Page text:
About Open Access
Assessing professional equipoise and views about a future clinical trial of invasive urodynamics prior to surgery for stress urinary incontinence in women: a survey within a mixed methods feasibility study
Lookup NU author(s)
Professor Elaine McColl
Hilton P, Bryant A, Howel D, McColl E, Buckley B, Lucas M, Tincello DG, Armstrong N
Neurourology and Urodynamics
Full text for this publication is not currently held within this repository. Alternative links are provided below where available.
Aims: To determine surgeons' views on invasive urodynamic testing (IUT) prior to surgery for stress (SUI) or stress predominant mixed urinary incontinence (MUI). Methods: Members of British Society of Urogynaecology (BSUG) and British Association of Urological Surgeons Section of Female, Neurological and Urodynamic Urology (BAUS-SFNUU) were sent an email invitation to complete an online “SurveyMonkey®” questionnaire regarding their current use of IUT prior to surgical treatment of SUI, their view about the necessity for IUT in various clinical scenarios, and their willingness to randomize patients into a future trial of IUT. A purposive sample of respondents was invited for telephone interview to explore further how they use IUT to inform clinical decisions, and to contextualize questionnaire responses. Results: There were 176/517 (34%) responses, 106/332 (32%) from gynecologists/urogynecologists and 67/185 (36%) from urologists; all respondents had access to IUT, and 89% currently arrange IUT for most women with SUI or stress predominant MUI. For a variety of scenarios with increasingly complex symptoms the level of individual equipoise (“undecided” about IUT) was very low (1–6%) and community equipoise was, at best, 66:34 (IUT “essential” vs. “unnecessary”) even for the simplest scenario. Nevertheless, 70% rated the research question underlying the proposed studies “very important” or “extremely important;” 60% recorded a “willingness to randomize” score ≥8/10. Conclusions: Most urogynecologists and urologists consider IUT essential before surgery in SUI with or without other symptoms. Most however recognize the need for further research, and indicated a willingness to recruit into multicenter trials addressing this question.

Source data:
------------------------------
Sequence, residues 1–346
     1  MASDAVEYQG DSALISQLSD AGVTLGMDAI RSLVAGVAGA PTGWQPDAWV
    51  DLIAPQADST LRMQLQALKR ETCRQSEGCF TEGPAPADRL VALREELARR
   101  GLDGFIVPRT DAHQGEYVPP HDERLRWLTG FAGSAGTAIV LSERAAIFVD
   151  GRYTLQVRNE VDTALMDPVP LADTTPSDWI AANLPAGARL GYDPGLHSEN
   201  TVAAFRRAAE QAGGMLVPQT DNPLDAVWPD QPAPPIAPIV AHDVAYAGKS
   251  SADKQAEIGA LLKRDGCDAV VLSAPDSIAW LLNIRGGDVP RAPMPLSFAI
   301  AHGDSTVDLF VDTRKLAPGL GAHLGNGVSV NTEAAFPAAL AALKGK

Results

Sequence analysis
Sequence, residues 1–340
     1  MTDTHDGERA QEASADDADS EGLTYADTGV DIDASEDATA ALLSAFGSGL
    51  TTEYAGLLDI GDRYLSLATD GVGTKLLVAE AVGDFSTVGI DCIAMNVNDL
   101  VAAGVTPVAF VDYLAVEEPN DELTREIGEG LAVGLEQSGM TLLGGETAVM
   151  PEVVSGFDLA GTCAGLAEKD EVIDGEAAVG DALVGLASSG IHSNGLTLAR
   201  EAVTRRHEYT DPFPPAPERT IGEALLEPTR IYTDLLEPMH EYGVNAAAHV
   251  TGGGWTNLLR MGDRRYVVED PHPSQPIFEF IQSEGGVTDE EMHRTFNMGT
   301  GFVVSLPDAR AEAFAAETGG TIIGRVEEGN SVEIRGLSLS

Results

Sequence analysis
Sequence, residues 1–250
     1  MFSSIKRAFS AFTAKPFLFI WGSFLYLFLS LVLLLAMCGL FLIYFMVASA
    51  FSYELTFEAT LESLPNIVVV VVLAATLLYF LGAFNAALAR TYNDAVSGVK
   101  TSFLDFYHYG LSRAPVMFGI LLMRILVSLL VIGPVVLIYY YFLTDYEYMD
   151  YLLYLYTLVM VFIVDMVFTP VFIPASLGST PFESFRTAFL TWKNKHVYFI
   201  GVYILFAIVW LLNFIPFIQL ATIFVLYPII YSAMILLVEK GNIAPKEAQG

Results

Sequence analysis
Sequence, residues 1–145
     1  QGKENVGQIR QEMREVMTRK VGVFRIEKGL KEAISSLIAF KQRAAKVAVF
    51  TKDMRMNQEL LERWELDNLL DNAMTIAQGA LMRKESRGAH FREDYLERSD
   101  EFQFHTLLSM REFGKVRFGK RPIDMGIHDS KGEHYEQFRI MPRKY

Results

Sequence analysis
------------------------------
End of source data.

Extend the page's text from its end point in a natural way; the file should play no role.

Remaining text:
John Wiley & Sons, Inc.
Newcastle University Library, NE2 4HQ, United Kingdom. Tel: 0044 (191) 222 7657
©2015 Newcastle University Library